A House (of Athiests) Divided
As I’m sure you’ve seen in the headlines in the last couple of years, churches for atheists are gaining quite a following. Sure, they maintain their staunch belief that God doesn’t exist, but they see the value in the community aspect of the churches around them, and they want a part in that. They describe themselves as “a secular urban oasis, where atheists could enjoy the benefits of traditional church – the sense of community, the weekly sermon, the scheduled time for reflection, the community service opportunities, the ethos of self-improvement, the singing and the free food – without God.” In a twist that seems inevitable and contains more than a little irony, though, turmoil is starting to develop among their churches. Splits are beginning to occur, and there is division among the leadership about which direction the atheist church “Assembly” movement should take going forward from here.
On the surface, their division is mainly focused on how atheistic they should be. Some believe that atheism should be their main emphasis, while others maintain that the movement should focus on all anti-religious people (agnostics, humanists, skeptics, etc.). They’ve missed a crucial point though, and it’s one we can be guilty of missing as well. The sense of love, caring, and community that they set out to achieve doesn’t exist without the love of Jesus Christ. If we don’t have the same attitude in ourselves that He possessed as He gave up heaven, came to earth, and went to His death on the cross (Philippians 2), our own opinions, selfish desires, and stubborn wills can only end in division. The churches the atheists model themselves after don’t work simply because a bunch of people come together with common goals, interests, lifestyles, and beliefs. Rather, they work because they have one key factor in common – the love of Christ that is shared in common because of the promise of His blood. When that key element is removed as in an atheist church or when we stop reminding ourselves of it in the church (as the Philippian church had), unity can’t be found.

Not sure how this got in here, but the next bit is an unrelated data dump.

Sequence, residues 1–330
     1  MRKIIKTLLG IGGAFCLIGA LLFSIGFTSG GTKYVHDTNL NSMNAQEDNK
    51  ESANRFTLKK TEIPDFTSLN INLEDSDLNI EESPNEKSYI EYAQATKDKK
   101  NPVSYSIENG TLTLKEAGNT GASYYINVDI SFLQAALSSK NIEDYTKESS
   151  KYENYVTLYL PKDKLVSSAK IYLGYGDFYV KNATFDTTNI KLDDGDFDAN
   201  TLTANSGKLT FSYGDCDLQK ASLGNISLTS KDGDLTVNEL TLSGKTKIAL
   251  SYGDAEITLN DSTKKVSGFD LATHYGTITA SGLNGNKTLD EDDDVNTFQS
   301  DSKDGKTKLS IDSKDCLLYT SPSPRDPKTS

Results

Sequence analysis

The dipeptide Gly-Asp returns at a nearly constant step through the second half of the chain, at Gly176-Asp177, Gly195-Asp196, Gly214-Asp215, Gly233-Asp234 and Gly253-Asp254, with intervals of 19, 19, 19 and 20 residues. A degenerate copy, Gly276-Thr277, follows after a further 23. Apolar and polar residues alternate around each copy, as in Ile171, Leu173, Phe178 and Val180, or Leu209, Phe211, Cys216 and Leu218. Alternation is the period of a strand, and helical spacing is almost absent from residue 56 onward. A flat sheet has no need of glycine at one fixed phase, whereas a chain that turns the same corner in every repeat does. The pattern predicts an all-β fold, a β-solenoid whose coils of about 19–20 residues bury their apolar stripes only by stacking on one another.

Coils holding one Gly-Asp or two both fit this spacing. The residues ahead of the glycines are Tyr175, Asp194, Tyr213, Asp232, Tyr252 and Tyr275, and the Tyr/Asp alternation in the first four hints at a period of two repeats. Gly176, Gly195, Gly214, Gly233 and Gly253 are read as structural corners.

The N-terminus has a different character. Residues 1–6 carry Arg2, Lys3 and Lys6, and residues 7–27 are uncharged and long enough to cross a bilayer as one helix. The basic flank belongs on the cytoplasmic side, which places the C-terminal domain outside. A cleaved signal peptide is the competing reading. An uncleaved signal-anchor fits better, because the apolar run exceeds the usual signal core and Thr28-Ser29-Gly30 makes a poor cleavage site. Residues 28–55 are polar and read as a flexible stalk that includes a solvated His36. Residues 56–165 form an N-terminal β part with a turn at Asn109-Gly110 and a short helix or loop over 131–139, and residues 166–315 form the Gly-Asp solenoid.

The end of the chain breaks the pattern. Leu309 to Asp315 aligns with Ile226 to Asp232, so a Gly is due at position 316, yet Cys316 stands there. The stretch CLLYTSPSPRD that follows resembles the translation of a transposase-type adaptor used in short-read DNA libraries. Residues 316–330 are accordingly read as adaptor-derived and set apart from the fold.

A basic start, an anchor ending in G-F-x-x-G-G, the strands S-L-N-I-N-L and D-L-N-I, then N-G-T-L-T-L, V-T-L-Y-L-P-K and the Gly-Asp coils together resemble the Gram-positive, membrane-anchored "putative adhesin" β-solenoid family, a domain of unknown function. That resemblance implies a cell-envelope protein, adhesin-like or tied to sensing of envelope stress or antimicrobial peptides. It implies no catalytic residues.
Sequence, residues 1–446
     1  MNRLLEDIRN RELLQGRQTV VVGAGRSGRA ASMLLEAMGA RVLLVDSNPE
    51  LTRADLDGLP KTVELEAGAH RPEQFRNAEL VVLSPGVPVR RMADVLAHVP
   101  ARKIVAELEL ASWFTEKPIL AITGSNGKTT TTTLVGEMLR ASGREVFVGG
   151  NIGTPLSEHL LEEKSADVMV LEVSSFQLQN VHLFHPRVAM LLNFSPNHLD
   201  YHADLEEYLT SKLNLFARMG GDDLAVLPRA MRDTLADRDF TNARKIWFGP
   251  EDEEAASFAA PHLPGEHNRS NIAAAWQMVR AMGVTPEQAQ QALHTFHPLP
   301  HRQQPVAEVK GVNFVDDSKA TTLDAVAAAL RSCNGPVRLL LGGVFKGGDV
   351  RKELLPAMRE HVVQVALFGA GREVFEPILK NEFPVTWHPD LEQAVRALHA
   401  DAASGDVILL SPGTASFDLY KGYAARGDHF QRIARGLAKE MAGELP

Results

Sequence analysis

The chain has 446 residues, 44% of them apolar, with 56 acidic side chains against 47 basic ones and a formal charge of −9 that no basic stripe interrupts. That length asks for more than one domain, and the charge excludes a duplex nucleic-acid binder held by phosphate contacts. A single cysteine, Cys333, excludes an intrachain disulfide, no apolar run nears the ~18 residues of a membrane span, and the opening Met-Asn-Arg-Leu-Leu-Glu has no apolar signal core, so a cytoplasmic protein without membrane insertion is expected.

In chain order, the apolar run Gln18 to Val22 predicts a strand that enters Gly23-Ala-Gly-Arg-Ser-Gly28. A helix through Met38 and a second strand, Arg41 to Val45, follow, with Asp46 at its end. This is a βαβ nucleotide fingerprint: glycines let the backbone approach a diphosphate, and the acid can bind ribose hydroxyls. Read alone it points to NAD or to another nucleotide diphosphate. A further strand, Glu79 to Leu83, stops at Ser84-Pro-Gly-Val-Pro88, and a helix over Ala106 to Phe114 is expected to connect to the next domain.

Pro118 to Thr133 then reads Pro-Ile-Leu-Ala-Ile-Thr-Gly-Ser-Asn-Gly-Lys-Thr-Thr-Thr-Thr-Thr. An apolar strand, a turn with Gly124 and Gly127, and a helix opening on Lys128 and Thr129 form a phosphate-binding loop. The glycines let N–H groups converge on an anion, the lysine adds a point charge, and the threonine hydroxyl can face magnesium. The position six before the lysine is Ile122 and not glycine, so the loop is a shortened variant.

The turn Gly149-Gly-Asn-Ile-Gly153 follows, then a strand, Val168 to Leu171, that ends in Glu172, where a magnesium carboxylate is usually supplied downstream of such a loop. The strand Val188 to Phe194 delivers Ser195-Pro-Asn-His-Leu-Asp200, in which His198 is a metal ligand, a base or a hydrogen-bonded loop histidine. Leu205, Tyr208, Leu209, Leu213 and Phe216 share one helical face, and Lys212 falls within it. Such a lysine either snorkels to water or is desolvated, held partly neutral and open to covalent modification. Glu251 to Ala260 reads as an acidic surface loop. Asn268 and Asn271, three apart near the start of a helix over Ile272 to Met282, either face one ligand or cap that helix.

The very foundation of the church and every good thing that it does is the life, death, and resurrection of Jesus Christ. From those we derive our distinguishing marks – the love that we hold in common (John 13:35) and the doctrine that sets the guidelines for how we live, act, and worship (John 14:15). Atheist churches have no hope because they are missing these key elements. These principles don’t just affect atheist churches, though. Splits, division, and sharp disagreement occur in the church as well. Ephesians 4:1-3 reminds us that we must be diligent to preserve our peace and unity that come from the Spirit. As the church can become fractured into small cliques and sects when we look out for ourselves first or don’t show the love of Christ in all things, we have to be all the more diligent in this day and age to prove ourselves united in Him.
The only way for humans to ever become truly unified in one mind and purpose is through the love of Jesus Christ. Is that love alive, working, and evident in your congregation? Your life? My life? I hope we’ll all take some time to think on these things.